As the calendar continues to roll through 2022, and tax season gets firmly underway, there are a lot of conversations around how cryptoassets will influence the outcome of this filing and payment season. The Internal Revenue Services (IRS) is, of course, facing the regular hurdles with regards to reviewing and processing returns – recent reports indicate a multi-million return backlog that will take months to clear. On top of these paperwork issues, there is also the looming uncertainty with regards to how different cryptoassets and crypto activities will be treated, both now and going forward.
The crypto tax conversation has moved far beyond simply acknowledging that crypto is treated and taxed as property by the IRS; investors and business owners alike need to be aware of just how complicated this conversation has become. Additionally, the issues and questions around crypto reporting and taxation are no longer a niche issue; recent surveys and data analysis illustrates just how widespread crypto investing, trading, and utilization has become.
According to these surveys, 48% of American investors moved into cryptocurrency during 2021, and 16% of all Americans (approximately 53 million people) have used, invested, or traded cryptoassets. One simply need to look at headlines, and review the list of organizations investing and utilizing cryptoassets to realize that – as large as these figures are – they are most likely incomplete.
With all of this investment, however, invariably comes tax considerations. The 2021 tax season might already by underway, but it is never the wrong time to 1) plan tax strategies, 2) position portfolios for reduced tax liabilities going forward, and 3) make better informed decisions for 2022 investing. Let’s dive into some of the factors.
Almost every crypto transaction is taxable. Any Certified Public Accountant (CPA) or tax professional that provides tax advice to investors, as well as investors/entrepreneurs who operate in this sector should be aware of this fact. Given the classification of crypto as property – a simplified representation but accurate for this purpose – transactions that involve crypto are generally going to incur a tax reporting and payment obligation. This includes paying for goods and services in cryptoassets, being paid in crypto for services provided, or trading one crypto for another.
That last point is especially important as stablecoins and other newer iterations of crypto become increasingly mainstream. Trading stablecoins, or swapping newly issued tokens for other tokens will incur tax liabilities for those individuals and institutions involved. This also carries over into another area that can result in some unpleasant surprises.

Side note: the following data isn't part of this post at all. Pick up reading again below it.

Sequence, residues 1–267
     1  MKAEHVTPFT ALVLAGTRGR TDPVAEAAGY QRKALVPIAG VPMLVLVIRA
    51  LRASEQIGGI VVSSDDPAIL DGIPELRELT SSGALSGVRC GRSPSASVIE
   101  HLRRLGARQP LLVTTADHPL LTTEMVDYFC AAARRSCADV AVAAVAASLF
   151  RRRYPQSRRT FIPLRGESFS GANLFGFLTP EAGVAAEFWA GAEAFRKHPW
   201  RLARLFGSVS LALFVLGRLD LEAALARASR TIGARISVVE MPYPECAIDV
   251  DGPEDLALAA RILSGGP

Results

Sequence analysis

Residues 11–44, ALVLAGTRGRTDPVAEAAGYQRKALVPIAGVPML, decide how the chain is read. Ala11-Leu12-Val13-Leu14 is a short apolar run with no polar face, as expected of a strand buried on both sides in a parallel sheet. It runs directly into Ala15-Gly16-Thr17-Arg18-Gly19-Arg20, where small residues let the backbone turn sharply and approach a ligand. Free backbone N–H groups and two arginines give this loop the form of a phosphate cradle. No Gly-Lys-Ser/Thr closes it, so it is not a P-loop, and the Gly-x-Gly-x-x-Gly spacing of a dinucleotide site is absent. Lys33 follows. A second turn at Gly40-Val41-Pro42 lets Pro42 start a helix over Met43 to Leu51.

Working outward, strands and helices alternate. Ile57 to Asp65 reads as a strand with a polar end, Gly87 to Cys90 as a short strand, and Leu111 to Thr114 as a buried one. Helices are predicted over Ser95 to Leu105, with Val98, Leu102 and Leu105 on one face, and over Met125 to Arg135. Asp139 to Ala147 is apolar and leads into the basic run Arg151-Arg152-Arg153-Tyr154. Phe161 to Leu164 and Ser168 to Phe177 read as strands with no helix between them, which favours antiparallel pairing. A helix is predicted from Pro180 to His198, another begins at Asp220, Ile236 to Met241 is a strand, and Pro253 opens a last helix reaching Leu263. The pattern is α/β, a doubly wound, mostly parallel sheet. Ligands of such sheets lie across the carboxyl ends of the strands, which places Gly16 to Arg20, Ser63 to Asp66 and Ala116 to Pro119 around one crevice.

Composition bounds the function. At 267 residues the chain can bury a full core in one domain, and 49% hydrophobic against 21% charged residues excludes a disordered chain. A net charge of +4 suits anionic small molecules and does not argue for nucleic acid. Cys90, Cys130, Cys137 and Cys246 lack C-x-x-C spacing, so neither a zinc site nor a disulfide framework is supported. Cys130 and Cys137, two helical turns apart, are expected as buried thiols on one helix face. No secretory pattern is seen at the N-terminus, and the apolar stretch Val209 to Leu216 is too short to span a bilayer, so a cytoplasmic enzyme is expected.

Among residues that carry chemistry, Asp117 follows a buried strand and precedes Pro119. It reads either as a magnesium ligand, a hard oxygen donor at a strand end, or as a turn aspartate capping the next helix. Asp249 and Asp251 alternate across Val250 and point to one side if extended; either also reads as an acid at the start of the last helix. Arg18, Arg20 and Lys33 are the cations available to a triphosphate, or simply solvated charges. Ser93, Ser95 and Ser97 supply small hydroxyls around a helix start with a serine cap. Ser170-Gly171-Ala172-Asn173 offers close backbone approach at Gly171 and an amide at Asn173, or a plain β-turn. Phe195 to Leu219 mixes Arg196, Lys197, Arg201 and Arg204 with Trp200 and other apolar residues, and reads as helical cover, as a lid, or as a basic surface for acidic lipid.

It is also worth pointing out that the IRS is very serious, and proactive, about enforcing tax compliance and collection around crypto transactions; ignorance of tax treatment is not an excuse for non-compliance.
Crypto gamification creates tax obligations. Even if taxpayers are not directly buying, selling, or trading cryptoassets the increased gamification of almost every virtual activity can result in crypto related tax liabilities. As online gaming and virtual reality opportunities (not to mention the looming ascension of the metaverse) continues, the number of individuals and organizations involved in rewards, game tokens, and other virtual assets continues to increase. Cryptoassets are almost a perfect fit for a virtual payment ecosystem since the instruments are both virtual in nature, as well as being secured by an underlying blockchain.
The issue arises if and when these individuals and firms participating in e-sports or other online gaming environment are not aware of the 1) nature of these virtual tokens and assets, and 2) the associated tax implications of using these virtual tokens. With both categories – esports and the gamification of online activities – increasing rapidly, the potential for significant tax surprises is not something to be taken lightly.
Put simply, if these virtual tokens or rewards have “real world” value, they will also result in real world tax liabilities.
Crypto taxes are becoming more complex. As if the crypto tax conversation was not complicated enough, as new products and services are introduced to the ecosystem this conversation will continue to become more complex. Decentralized finance (DeFi) opens a whole new spectrum of tax considerations and concerns linked to staking, rewards, and other passive/semi-passive questions that remain murky for investors, business owners, and the IRS.
Non-fungible tokens (NFTs), and the continued proliferation of decentralized exchanges – with no central point of contact for questions or customer service activities – are continuing to create even more complicated tax questions and situations. Drilling in on NFT issues for a moment, which have rapidly expanded in market presence, the tax implications for these assets can be different depending on how the taxpayer is involved with NFTs and the adjusted-gross-income (AGI) of that taxpayer.
In other words, an investor and organization buying or being gifted some of these rapidly appreciating assets might also lead to extra headaches.
The tax conversations and debates surrounding crypto taxes is already complicated, and will invariably become more complicated as these financial instruments will become more mainstream. Outside of the technical and operational factors that accompany cryptoasset transactions and operations, the sheer pace of change in the space makes tax planning and reporting even more complicated. Complicated, but not impossible, and the sooner that investors, entrepreneurs and tax professionals realize that the sooner greater clarity will come to the sector